This is a quick review of Compelling & Rich’s Zinfandel Barrel-Aged Loma La Gloria coffee because I had just a small sample that was included in my order of the excellent Kenya Karimikui and Compelling & Rich has sold out of this coffee, too! Never fear, though, Kian is working on a barrel-conditioned coffee as we speak, so keep your eyes peeled for that. This coffee retailed for $19/12oz bag and I received a gratis 35g sample with another order.
This coffee is from Finca Loma La Gloria is El Salvador and was aged in a cherry wood barrel that had contained 2009 Zinfandel from Elyse Estate in Napa Valley, CA. This washed coffee is Red Bourbon varietal grown between 1350-1770masl in the Quezaltepeque region at the center of the country. This farm sits on a volcano and you can taste volcano in every single sip of this coffee! (just kidding, but volcanic soil is supposed to be pretty good stuff). The farm is run by Anny Ruth Pimental, whose family owns Finca Loma La Gloria, and there’s a fantastic article about her and the farm on the Spro Coffee website. The farm has a great reputation with green buyers.
I had no idea what to expect with this coffee as the other barrel-aged/barrel-conditioned coffee I’ve had was River City Roasters Colombia Supremo in oak bourbon barrels and the bourbon was the primary player with extremely in-your-face flavors. I didn’t think a wine barrel conditioned coffee would be as aggressively flavored but I really had no idea. I guessed right.
Lots of coffee roasters have been playing with liquor and wine barrels for the past few years and it’s a bit of a trend in the coffee community right now. The idea most likely came from coffee’s pals in the beer business, who have been going absolutely bonkers for barrels of all types for years. It makes sense for coffee because pre-roasted coffee soaks up flavors like a sponge. The process of barrel-aging or barrel-conditioning is that pre-roasted, “green coffee” is put in the barrel for a period of probably 1-5 months in most cases. The beans have to be watched pretty carefully because the inside of these barrels can get relatively humid and cause problems, so this isn’t just a “set it and forget it” process. Green coffee is notorious for absorbing flavors, much to the disappointment of importers who will find that the beautiful coffee they bought at origin tastes like the burlap sacks they were shipped in, or the chemicals that the coffee was in a container with as it came over on the boat!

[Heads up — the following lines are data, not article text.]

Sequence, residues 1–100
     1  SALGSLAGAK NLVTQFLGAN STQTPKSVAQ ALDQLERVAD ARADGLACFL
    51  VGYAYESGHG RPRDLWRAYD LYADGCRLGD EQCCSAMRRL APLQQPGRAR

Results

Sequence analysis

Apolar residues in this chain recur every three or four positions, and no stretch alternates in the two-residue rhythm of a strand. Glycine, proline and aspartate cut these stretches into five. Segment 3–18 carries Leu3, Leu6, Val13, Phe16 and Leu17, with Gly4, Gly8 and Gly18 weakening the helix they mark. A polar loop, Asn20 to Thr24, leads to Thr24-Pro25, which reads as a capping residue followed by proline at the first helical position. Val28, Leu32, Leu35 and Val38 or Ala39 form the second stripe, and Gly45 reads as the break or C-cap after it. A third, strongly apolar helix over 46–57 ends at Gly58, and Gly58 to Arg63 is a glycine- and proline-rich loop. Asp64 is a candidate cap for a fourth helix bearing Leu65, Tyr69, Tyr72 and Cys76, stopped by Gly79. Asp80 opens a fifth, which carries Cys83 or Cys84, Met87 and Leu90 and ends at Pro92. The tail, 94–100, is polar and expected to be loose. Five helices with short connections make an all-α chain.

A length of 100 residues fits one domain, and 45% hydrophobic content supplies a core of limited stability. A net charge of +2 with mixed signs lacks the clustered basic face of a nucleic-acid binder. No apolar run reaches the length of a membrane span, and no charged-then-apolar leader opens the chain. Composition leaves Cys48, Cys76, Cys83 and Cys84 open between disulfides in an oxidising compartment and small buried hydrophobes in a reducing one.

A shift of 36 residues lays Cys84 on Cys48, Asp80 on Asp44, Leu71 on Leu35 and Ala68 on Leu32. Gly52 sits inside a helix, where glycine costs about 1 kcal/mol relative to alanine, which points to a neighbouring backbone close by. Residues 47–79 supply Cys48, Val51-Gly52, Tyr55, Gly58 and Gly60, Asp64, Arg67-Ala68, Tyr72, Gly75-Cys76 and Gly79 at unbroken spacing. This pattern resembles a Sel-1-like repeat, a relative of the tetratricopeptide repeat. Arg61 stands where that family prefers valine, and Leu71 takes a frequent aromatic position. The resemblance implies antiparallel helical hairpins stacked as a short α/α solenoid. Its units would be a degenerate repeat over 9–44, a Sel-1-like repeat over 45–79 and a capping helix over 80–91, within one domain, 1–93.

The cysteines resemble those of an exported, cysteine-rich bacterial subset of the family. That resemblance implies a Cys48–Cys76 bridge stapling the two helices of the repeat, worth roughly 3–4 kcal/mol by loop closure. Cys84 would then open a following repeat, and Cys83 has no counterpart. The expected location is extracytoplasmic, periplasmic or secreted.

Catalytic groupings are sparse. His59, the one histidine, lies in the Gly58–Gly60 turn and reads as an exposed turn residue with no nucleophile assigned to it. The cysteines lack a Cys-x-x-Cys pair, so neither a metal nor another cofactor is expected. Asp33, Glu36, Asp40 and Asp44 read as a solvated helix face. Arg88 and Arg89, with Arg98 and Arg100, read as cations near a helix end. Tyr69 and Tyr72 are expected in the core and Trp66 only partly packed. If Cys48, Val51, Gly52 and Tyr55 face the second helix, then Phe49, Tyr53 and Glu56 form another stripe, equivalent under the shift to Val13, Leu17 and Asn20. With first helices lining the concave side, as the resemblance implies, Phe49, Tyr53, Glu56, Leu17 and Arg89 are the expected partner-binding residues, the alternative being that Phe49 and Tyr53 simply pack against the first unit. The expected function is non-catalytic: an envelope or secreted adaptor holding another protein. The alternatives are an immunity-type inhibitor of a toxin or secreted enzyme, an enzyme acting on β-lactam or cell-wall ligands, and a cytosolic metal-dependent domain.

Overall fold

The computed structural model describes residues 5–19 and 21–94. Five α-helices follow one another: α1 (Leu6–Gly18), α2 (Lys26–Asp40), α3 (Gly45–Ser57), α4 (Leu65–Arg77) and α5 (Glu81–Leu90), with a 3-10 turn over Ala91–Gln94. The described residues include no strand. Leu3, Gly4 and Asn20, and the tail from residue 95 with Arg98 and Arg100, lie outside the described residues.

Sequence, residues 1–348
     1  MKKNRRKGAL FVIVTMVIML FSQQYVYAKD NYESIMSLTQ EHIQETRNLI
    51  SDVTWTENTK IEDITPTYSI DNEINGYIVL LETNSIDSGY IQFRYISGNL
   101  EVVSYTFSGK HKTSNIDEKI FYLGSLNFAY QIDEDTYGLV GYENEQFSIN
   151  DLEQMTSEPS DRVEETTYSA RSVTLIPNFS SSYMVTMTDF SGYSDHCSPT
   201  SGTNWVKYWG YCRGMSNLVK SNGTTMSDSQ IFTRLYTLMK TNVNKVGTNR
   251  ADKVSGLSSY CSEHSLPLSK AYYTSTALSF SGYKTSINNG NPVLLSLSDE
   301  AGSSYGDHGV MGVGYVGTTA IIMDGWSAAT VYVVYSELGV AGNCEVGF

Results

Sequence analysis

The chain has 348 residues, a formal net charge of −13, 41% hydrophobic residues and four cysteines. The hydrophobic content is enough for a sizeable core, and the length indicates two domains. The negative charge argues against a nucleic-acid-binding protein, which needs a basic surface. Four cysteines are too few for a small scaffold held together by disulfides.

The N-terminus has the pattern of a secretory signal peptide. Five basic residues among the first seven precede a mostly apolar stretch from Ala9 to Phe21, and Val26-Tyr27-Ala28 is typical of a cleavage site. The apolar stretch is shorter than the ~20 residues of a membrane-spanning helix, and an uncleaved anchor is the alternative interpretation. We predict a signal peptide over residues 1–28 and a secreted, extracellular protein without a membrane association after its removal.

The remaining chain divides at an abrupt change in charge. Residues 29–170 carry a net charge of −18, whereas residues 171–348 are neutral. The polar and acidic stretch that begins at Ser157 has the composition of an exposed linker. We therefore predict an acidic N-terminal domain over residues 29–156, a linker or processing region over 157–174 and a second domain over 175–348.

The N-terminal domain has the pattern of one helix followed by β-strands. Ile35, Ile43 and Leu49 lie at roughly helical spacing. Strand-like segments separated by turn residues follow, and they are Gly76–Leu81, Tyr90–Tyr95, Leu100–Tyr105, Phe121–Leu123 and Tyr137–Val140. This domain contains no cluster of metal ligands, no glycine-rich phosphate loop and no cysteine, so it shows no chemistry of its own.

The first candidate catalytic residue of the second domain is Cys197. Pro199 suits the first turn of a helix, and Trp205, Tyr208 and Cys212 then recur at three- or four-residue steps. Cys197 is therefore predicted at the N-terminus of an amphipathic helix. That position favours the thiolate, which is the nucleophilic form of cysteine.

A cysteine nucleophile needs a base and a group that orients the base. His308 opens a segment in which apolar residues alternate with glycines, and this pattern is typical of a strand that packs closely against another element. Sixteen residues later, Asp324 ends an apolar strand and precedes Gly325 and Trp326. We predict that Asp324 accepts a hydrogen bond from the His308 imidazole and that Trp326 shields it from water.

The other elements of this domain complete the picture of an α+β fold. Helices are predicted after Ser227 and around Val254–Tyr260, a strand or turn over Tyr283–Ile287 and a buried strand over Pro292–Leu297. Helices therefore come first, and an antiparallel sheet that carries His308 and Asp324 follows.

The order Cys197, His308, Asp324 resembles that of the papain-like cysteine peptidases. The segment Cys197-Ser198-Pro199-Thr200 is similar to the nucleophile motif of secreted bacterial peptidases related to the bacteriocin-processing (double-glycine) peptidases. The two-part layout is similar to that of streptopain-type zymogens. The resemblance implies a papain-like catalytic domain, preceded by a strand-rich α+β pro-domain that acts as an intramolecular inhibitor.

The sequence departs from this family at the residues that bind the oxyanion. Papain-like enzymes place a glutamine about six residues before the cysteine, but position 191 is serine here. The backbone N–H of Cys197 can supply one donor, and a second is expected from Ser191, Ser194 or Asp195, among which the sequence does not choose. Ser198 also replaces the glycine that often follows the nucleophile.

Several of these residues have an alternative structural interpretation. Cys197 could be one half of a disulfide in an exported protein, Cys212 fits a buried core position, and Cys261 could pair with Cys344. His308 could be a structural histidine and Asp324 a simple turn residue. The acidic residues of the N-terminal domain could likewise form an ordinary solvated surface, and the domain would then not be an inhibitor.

In this case the conditioning is very subtle. I would go so far as to say that if I didn’t know this coffee was wine barrel-conditioned I would have never guessed. Whereas the River City coffee was dripping with flavors from the bourbon barrel, this Compelling & Rich example is the exact opposite… the wine barrel was used to enhance elements of the coffee in a subtle way without becoming the primary player.
I liked both coffees for the opposite reasons, but I’m a little torn, too. On the one hand, barrel-conditioning adds cost and so these coffees will be a few dollars more to buy than their unconditioned counterparts. From that perspective, I want to be able to taste what my money paid for. At the same time, while I enjoyed River City’s bourbon-barrel coffee, it was super aggressive and was more like a dessert coffee that you may have once in a while for something different whereas with Compelling & Rich’s Loma La Gloria you could easily drink this everyday since the wine itself is really not apparent.
According to Kian’s website, “the effect of the wine barrel aging adds ripe fruit notes, intensifying the raspberry acidity up front leading into a sugar cane sweetness.” So, the barrel is used to enhance the coffee rather than add a separate flavor to it. True to that, I found this coffee to be nicely bright with a jammy acidity (definitely a berry-like acidity rather than the citrus that was bursting from Compelling & Rich’s Karimikui). I got a raspberry-blackberry flavor in the aftertaste, which was subtle but lingering. It’s a really nice coffee and super easy to drink from freshly brewed until it was at room temperature.
A subtly infused coffee like this has to start with a good coffee bean because the barrel isn’t adding more flavor as much as elevating what is already in the coffee. It’s nicely roasted and the flavor profile is clean, sweet and bright. I think the only “problem” with this coffee is that if someone is buying it thinking it will have obvious wine notes, they’ll be disappointed. Once I got over the idea of looking for wine notes in this coffee, I enjoyed it immensely and just like with peach flavors, if you can get raspberry and blackberry notes into it, even if just into the aftertaste, I am probably going to be a fan!